Story of My Cousins

Story of My Cousins

THE STORY OF MY COUSINS. Brief Animal Biographies. By Henry S. Salt. Watts and Co. 2s 6d. net.

In this little book about a few animals of this quite familiar kind, there is just the right touch–the touch which can come only from the pen of a writer whose attitude towards these “cousins” is free from the idea of possessing them as properties or as “pets.”

This is helpful towards winning our interest in the doings and adventures of the several characters sketched, and it is helpful towards impressing upon those who perhaps have not fully realised what the writer experienced, that there is a good deal to be learned from these cousins of ours.

“Master” was a feline friend of many parts, whose “Major-Domo” was in his service for fifteen years, and the relationship seems to have been an ideal one. We are told about Cousin Cosette, the little grey cat, and Iolanthe who is yet in the prime of life, sharing hearth and home with one who has devoted many years to the study and teaching of the rights of animals. Lucky cats! we venture to think.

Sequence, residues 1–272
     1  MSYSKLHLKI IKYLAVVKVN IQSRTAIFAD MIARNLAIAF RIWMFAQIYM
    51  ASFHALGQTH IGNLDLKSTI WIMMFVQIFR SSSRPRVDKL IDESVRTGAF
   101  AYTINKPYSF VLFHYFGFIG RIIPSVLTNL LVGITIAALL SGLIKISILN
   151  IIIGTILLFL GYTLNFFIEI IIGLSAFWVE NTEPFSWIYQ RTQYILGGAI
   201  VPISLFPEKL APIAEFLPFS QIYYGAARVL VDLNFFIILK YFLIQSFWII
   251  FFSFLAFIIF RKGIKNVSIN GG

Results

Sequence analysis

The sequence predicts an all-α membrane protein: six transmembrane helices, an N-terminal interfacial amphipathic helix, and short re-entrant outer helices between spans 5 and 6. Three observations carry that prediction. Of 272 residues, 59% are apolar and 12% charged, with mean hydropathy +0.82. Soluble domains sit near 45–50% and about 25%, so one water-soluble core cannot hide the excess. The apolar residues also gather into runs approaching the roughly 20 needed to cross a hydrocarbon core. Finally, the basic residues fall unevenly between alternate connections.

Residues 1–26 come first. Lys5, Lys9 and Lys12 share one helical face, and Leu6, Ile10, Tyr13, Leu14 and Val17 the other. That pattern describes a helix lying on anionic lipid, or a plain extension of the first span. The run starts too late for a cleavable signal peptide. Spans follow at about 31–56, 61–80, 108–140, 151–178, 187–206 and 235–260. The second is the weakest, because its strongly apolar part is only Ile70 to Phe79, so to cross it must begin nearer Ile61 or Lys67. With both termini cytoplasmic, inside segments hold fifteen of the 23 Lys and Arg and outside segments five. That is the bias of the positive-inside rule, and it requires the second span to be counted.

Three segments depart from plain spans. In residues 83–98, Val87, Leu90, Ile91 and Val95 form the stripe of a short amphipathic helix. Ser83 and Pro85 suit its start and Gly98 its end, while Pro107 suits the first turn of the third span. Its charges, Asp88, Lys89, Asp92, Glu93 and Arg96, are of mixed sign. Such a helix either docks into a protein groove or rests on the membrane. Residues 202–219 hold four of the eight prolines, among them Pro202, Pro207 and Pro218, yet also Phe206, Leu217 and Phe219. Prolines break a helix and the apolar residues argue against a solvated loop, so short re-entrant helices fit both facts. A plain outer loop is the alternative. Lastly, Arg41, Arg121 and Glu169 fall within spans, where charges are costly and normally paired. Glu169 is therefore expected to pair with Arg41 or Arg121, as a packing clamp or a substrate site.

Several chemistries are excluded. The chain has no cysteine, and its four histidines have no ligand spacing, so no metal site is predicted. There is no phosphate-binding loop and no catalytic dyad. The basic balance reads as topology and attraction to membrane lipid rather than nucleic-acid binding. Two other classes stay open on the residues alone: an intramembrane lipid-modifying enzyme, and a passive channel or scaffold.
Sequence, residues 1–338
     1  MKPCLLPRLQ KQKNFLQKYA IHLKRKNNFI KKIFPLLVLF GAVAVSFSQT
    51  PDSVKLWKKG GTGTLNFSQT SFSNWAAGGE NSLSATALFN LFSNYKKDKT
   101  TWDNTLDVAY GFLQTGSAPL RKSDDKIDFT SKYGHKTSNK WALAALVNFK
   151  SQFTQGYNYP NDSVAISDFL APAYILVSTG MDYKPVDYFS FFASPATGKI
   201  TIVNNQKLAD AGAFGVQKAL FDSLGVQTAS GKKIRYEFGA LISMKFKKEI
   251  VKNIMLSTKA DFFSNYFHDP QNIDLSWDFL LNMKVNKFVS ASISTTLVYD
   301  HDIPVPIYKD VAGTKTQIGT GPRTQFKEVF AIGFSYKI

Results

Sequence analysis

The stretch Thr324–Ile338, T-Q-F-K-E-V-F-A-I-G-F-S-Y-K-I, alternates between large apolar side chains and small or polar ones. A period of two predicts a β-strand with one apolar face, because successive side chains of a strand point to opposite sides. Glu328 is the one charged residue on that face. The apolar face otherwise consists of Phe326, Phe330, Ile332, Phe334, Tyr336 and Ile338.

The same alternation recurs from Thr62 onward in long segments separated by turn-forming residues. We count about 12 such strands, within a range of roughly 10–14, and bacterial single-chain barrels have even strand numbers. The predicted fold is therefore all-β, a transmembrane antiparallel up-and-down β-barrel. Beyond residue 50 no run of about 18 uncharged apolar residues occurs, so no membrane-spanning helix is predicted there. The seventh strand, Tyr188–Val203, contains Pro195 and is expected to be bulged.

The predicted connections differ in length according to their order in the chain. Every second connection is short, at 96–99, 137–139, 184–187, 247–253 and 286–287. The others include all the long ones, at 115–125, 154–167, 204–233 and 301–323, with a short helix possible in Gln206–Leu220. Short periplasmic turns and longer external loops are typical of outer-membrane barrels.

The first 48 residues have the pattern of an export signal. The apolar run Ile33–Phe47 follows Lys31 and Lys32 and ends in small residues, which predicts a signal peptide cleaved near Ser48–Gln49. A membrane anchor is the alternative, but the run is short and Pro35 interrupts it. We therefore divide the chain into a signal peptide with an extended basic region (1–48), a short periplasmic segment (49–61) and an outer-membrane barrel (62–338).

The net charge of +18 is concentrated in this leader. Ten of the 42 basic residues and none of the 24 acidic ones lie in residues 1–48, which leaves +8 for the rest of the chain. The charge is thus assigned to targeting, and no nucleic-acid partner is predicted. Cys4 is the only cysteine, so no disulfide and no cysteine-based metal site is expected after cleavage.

There is also a charming account of the befriended rook which bird-lovers will appreciate, and of Gyp, the Maltese terrier, who lived at Eton College, and whose affectionate nature revealed “what a wonderful thing is the free-given love of a dog.”

Alluding to the unmannerly way some people have of regarding animals as though they were outside and beyond the pale of politeness, Mr. Salt remarks:

“Now, even if I have been originally inclined to treat cats in that brusque manner, I could not possibly have done so after spending years in the company of Cosy and Master, or, indeed in the company of any animal for such experience was to me, as Bacon said of travel, ‘a part of education,’ and as instructive as a tour round the world. Just as one finds in foreign races not dissimilarity, but likeness to ourselves, so sympathetic acquaintance with non-human beings with it the conviction that they, too are persons not things–sentient and, in their proper degree, rational fellow-beings with feelings and affections closely akin to our own.”

No one could regret becoming possessed of Mr. Salt’s latest book, it is too thoroughly beautiful, good, and true.

J. W.

The Animals' Friend (Annual Volume), 1923, p. 119

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